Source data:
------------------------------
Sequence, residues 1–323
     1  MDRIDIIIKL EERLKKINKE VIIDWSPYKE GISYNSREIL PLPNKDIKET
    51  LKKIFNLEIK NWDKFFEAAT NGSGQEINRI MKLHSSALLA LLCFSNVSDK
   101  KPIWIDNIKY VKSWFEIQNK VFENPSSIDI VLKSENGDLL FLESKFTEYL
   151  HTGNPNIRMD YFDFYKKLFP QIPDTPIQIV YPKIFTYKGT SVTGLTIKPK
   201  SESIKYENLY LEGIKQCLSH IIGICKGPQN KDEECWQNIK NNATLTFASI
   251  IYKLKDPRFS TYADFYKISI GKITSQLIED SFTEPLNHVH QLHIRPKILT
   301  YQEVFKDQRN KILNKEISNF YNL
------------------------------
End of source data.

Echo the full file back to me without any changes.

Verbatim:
Sequence, residues 1–323
     1  MDRIDIIIKL EERLKKINKE VIIDWSPYKE GISYNSREIL PLPNKDIKET
    51  LKKIFNLEIK NWDKFFEAAT NGSGQEINRI MKLHSSALLA LLCFSNVSDK
   101  KPIWIDNIKY VKSWFEIQNK VFENPSSIDI VLKSENGDLL FLESKFTEYL
   151  HTGNPNIRMD YFDFYKKLFP QIPDTPIQIV YPKIFTYKGT SVTGLTIKPK
   201  SESIKYENLY LEGIKQCLSH IIGICKGPQN KDEECWQNIK NNATLTFASI
   251  IYKLKDPRFS TYADFYKISI GKITSQLIED SFTEPLNHVH QLHIRPKILT
   301  YQEVFKDQRN KILNKEISNF YNL